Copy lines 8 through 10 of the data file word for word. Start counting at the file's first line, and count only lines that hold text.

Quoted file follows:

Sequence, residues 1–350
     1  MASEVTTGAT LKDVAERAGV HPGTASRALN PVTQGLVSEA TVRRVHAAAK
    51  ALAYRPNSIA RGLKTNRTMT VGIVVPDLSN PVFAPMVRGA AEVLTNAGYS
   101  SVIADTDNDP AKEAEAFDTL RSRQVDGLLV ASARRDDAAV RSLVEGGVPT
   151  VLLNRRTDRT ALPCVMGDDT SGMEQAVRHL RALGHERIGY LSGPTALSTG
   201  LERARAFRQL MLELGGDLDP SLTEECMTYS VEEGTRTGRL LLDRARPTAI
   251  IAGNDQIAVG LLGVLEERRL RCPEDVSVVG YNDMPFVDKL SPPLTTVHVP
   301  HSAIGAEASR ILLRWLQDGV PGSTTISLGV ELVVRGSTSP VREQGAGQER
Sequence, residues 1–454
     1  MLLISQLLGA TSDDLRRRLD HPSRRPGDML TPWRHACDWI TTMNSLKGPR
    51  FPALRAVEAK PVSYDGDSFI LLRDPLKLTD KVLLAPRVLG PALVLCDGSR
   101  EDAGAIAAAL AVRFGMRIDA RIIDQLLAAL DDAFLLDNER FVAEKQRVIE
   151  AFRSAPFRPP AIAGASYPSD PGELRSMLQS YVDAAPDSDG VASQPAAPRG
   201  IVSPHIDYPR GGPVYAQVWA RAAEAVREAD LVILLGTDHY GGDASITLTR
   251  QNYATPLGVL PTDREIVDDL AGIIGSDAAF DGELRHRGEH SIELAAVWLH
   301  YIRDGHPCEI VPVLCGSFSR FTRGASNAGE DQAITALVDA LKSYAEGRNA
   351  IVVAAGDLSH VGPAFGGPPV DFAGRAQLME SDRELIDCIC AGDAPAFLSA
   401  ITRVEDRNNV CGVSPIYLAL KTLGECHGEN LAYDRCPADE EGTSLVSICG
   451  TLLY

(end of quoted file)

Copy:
   301  HSAIGAEASR ILLRWLQDGV PGSTTISLGV ELVVRGSTSP VREQGAGQER
Sequence, residues 1–454
     1  MLLISQLLGA TSDDLRRRLD HPSRRPGDML TPWRHACDWI TTMNSLKGPR